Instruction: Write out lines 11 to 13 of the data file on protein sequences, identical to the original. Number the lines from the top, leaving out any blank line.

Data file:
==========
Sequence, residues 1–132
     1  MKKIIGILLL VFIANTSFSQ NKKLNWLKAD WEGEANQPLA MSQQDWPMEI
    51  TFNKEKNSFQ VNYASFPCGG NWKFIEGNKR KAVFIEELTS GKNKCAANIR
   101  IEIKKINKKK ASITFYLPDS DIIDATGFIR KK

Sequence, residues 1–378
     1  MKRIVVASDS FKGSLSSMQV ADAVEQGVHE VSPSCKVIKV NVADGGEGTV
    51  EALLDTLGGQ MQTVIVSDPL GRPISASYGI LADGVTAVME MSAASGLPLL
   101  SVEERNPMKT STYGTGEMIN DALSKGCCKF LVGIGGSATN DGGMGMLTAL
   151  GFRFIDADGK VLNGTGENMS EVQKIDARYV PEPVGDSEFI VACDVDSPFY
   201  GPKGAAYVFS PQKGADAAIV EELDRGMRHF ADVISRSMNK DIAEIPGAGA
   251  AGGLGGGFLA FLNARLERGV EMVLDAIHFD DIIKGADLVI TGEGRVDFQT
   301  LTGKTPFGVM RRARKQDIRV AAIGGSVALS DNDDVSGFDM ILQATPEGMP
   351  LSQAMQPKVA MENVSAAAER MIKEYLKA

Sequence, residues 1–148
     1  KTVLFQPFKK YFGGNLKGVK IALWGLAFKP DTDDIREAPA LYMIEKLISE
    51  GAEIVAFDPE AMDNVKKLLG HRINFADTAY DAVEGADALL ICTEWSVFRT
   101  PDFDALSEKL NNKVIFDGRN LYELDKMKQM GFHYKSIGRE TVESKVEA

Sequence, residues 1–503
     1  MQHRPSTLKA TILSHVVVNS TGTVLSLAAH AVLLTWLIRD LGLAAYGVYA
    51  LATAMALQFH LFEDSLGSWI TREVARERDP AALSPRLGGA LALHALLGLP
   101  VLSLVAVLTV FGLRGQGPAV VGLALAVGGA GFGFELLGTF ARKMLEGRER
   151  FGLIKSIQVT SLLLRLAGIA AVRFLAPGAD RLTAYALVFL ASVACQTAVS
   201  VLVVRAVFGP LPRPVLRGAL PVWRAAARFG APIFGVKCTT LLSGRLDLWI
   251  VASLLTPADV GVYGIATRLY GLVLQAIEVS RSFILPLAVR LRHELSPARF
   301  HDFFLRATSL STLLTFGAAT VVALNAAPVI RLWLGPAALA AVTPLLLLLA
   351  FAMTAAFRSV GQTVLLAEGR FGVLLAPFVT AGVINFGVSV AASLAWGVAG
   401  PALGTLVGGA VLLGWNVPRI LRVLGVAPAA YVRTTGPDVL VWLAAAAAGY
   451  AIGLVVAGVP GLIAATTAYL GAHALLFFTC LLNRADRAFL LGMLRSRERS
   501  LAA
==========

   251  AGGLGGGFLA FLNARLERGV EMVLDAIHFD DIIKGADLVI TGEGRVDFQT
   301  LTGKTPFGVM RRARKQDIRV AAIGGSVALS DNDDVSGFDM ILQATPEGMP
   351  LSQAMQPKVA MENVSAAAER MIKEYLKA